North Carolina's Labor Market Unravels
Justice Center expert: Latest employment report "atrocious"
RALEIGH (March 27, 2009) -- North Carolina's labor market continued to unravel in February, according to data released this morning by the Employment Security Commission. Since the recession's start in December 2007, the state has lost, on net, 176,000 payroll jobs. The share of the population that is unemployed also has ballooned to 10.7 percent.
In February, employers eliminated 27,900 positions. Losses were severe and widespread across most every major sector. All told, 52,000 more North Carolinians joined the ranks of the unemployed in January, thereby bringing the total number of individuals who are jobless and actively seeking work to 491,000.
"The labor market continued to unravel in February," said John Quinterno, research associate at the NC Budget & Tax Center. "Since the start of the recession, North Carolina has lost 176,000 jobs, on net," added Quinterno ."What is remarkable is just how swiftly and suddenly the labor market has unwound. Some 77 percent of the jobs losses have occurred just since September."
"The current labor market recession has surpassed the 1981-82 recession in terms of severity and will soon surpass it in terms of length," added Quinterno.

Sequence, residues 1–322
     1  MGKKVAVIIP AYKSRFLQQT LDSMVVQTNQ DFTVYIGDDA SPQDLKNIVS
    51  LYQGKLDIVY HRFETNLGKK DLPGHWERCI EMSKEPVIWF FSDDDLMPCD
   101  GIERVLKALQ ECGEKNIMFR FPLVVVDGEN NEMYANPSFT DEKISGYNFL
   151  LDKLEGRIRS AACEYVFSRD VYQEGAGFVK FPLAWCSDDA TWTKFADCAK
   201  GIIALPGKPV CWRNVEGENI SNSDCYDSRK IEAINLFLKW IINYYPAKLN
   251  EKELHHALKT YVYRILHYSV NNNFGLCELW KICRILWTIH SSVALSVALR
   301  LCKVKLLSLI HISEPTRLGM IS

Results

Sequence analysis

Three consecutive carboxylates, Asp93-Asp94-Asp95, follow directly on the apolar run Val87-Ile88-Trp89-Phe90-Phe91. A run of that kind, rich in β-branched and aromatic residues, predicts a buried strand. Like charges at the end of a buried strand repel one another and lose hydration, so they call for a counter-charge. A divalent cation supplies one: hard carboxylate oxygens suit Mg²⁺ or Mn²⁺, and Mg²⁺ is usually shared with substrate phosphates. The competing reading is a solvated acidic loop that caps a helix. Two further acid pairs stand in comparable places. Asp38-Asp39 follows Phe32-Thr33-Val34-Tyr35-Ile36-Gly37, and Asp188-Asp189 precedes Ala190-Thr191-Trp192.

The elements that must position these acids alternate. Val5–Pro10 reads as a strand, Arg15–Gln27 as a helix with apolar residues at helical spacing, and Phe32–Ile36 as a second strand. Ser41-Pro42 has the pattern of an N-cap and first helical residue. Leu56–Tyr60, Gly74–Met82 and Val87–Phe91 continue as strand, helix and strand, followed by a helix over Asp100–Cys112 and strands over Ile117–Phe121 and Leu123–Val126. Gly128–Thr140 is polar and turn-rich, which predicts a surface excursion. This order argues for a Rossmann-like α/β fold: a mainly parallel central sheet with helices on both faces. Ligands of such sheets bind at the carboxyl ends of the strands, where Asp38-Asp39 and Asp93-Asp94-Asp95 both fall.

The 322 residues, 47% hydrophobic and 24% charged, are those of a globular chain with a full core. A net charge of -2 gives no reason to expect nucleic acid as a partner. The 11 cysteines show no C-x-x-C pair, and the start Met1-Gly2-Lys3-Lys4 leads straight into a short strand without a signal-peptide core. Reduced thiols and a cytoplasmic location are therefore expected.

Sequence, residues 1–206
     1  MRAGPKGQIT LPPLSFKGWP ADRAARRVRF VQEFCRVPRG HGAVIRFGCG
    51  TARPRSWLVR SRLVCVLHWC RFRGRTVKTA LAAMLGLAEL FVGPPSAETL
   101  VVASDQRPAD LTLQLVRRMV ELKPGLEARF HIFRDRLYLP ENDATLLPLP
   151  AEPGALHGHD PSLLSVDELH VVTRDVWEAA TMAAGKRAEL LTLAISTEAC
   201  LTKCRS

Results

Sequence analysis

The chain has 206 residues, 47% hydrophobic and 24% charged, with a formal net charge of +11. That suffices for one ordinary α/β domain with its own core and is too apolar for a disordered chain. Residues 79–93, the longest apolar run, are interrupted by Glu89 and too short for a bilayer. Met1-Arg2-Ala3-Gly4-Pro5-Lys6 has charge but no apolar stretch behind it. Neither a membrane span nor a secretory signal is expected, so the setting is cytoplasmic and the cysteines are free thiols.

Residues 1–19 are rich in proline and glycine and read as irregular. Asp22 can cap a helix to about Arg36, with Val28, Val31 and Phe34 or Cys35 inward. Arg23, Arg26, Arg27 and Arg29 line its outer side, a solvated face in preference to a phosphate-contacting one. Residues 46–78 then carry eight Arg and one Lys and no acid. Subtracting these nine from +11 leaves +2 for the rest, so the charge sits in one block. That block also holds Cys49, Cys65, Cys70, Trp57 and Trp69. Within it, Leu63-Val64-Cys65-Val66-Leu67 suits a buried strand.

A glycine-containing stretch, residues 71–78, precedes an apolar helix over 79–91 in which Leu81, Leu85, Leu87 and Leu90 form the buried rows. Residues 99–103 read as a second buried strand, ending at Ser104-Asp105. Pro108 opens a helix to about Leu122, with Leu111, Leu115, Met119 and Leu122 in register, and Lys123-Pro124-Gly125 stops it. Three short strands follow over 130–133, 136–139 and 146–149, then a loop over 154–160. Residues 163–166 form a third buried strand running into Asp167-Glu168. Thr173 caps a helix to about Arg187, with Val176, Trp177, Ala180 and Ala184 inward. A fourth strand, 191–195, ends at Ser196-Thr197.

Data from the past few months tell a devastating story for hundreds of thousands of working Tar Heels. In 2009 alone, the number of unemployed North Carolinians has grown by 33 percent, and the unemployment rate has climbed to 10.7 percent from 8.1 percent. And since the start of the year, the state's employers have eliminated 54,000 payroll positions, on net. In terms of specific industries, professional services, manufacturing and construction have been especially hard hit.
"The numbers are simply atrocious," said Quinterno. "North Carolina's labor market is spiraling downward. While the federal recovery package likely will slow the decline, conditions have deteriorated even more rapidly than the package's architects envisioned. The situation only is getting worse, and more aggressive action is needed."
The chilling numbers further compound the difficult situation facing state legislators coping with severe budget shortfalls. Due to the state's outmoded revenue system, a labor market in free fall will cut further into revenues while increasing the demand for key public services like education at community colleges.
Recognizing economic realities, Quinterno said, requires understanding that the state cannot slip the budgetary vise simply by cutting spending.
"Not only is relying solely on budget cuts insufficient, it could well be counter-productive," said Quinterno. "Government spending is perhaps the only source of demand in the economy, and it helps support the economy's only growth sectors over the past year -- health care jobs and education jobs. Eliminating jobs in those areas only will exacerbate the downward spiral."
For More Information, Contact:
John Quinterno, 919-856-3185 (office); 919-622-2392 (mobile).
The NC Budget & Tax Center provides timely, accessible and credible analysis of state and local budget and tax issues with a special focus on the impact on low- and moderate-income North Carolinians.